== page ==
The Morning Call (Sunday)
With Planning, an Opportunity to Get in Shape
Some have used the quarantine as a time to change their food routines.
By Abby Ellin
joke in an unfunny time: endless lamentation over the “quarantine 15” or the “Covid 19,” referring to the number of pounds we’ve gained during lockdown.
The difference between losers, gainers and maintainers during the pandemic, experts say, is largely dependent on your mind-set: how you approach a new set of circumstances and cope with change. One challenge was the abrupt change in day-to-day schedules. Gyms, recreation centers and parks closed, curbing exercise routines. Stress levels skyrocketed for many. Studies show a link between high stress levels and overeating.
“When the environment and your routine changes, you can use it as an opportunity to say ‘I’ll drink at home,’ or ‘I deserve to treat myself well in those really tough times,’” said Gary D. Foster, chief scientific officer of WW (formerly Weight Watchers). “This is where mind-set is so important. It’s how you view things, how you position the situation, your sense of self-worth, and how you treat yourself.
“After that initial period, there was a subset of people who said, ‘This is an opportunity to take care of myself,’” he said. “That different way of thinking about the process is really powerful.”
Susan Abrams Torney, 62, a dental office manager in Delray Beach, Fla., had an epiphany early on in the pandemic when she realized that she could use the time off from work to make a positive change in her life.
“It took the ‘I don’t have time to exercise’ excuse out of the equation,” said Ms. Torney, who has lost 30 pounds since the beginning of last year.
It also helped that she was no longer able to go out for meals, so she prepared healthy meals for herself, like chicken, fish and salads. “Quarantine gave me time to be creative with the meals I was eating,” she said.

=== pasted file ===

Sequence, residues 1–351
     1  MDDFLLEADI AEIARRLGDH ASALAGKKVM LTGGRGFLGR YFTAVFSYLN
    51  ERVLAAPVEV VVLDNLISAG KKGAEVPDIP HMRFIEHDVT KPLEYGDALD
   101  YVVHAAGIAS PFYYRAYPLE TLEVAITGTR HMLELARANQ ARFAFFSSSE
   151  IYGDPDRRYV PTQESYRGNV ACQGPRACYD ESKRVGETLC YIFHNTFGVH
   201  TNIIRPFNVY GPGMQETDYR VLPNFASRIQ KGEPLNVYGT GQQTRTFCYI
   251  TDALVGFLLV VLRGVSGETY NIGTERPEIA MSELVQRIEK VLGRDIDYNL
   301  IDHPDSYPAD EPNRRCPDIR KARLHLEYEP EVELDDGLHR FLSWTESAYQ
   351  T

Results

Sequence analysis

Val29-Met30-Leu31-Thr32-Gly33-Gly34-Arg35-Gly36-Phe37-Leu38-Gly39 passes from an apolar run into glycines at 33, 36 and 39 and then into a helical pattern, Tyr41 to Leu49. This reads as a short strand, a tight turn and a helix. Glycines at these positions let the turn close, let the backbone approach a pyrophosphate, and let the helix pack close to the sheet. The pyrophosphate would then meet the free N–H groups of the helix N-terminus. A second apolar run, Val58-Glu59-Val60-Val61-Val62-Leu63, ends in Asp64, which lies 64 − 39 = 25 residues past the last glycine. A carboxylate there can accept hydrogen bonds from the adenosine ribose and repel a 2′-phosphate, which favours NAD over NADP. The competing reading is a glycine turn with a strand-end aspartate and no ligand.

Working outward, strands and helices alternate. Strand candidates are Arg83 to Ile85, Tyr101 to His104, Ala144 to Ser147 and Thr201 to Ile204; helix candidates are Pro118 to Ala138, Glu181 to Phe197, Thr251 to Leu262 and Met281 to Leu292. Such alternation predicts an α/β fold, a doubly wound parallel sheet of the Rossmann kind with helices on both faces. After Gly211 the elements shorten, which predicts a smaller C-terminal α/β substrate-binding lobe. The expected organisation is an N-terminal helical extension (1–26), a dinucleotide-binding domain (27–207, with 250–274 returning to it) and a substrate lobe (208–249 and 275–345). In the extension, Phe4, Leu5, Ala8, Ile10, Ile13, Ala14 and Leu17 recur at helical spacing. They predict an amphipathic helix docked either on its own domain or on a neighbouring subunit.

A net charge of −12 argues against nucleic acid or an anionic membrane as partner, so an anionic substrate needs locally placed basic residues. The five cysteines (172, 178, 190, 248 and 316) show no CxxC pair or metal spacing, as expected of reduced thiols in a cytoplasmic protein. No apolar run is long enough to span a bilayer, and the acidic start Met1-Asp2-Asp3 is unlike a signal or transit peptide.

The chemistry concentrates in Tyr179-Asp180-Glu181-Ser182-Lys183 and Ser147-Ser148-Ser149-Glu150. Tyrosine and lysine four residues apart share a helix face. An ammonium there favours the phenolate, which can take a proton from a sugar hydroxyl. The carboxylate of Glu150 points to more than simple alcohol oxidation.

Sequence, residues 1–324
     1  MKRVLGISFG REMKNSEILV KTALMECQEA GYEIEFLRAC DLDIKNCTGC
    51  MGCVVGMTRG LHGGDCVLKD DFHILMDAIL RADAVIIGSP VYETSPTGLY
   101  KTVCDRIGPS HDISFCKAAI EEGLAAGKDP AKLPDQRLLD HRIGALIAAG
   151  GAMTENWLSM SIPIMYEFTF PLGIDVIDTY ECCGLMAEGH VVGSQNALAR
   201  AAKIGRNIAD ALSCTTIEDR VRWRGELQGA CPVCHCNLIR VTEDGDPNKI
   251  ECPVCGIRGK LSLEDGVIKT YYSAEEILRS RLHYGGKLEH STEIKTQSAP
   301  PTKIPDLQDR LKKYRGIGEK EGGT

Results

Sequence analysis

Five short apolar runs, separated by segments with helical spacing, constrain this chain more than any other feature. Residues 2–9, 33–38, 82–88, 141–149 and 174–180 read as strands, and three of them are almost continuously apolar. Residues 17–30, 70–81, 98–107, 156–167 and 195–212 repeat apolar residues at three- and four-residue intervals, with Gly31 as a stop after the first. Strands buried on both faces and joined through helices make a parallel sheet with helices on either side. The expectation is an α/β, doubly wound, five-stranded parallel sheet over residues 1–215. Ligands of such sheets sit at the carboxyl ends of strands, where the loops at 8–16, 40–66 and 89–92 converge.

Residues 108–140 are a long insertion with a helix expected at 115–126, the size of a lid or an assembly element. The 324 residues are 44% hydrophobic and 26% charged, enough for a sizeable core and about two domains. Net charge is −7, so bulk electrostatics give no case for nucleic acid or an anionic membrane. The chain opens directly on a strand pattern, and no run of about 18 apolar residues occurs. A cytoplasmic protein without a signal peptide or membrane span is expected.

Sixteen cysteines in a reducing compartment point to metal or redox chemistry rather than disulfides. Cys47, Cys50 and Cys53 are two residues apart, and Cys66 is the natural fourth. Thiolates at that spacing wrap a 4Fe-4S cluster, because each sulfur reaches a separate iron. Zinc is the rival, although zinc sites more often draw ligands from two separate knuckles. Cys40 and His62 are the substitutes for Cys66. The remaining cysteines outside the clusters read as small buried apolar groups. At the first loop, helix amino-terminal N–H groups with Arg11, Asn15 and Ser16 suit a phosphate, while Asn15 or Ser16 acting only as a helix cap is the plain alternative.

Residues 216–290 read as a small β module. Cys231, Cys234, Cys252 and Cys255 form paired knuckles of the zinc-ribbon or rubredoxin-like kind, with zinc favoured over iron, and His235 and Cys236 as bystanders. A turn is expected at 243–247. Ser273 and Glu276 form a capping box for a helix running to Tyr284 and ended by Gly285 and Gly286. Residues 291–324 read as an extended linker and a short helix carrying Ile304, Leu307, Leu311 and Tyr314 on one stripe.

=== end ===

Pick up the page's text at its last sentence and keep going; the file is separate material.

But other people gained weight because they stopped planning their meals and would just grab whatever was available. “Before shelter in place, they would prep their meals and sort of had a plan,” said Dr. Rami Bailony, the co-founder and chief executive of Enara Health, a digital membership weight loss clinic. “Once Covid hit, they thought they could cook something up that was healthy. But once you’re thinking about eating in the moment you tend to go with what’s expedient.”
When the pandemic started, Mindy Bachrach, 58, a home health occupational therapist in Henderson, Nev., soothed herself with sugary and high fat
Many people prepare more meals at home these days. foods. As an essential worker, she was working pretty much all of her waking hours. “I have a weird job; I eat in my car all the time,” she said. “If I don’t prepare very carefully, I end up getting fast food, which I don’t even like.”
After two weeks, her pants were tighter. “I decided I had to do something,” she said. “If I didn’t, things were going to get out of control.”
She went on the Whole 30 plan, which eliminates processed foods, sugar and sugar substitutes, alcohol, grains, dairy and most legumes. She also stopped weighing herself.
“I wanted the focus to be on how foods made me feel and not weight loss itself,” Ms. Bachrach said. Thirty days later, she stepped on the scale and was down 20 pounds.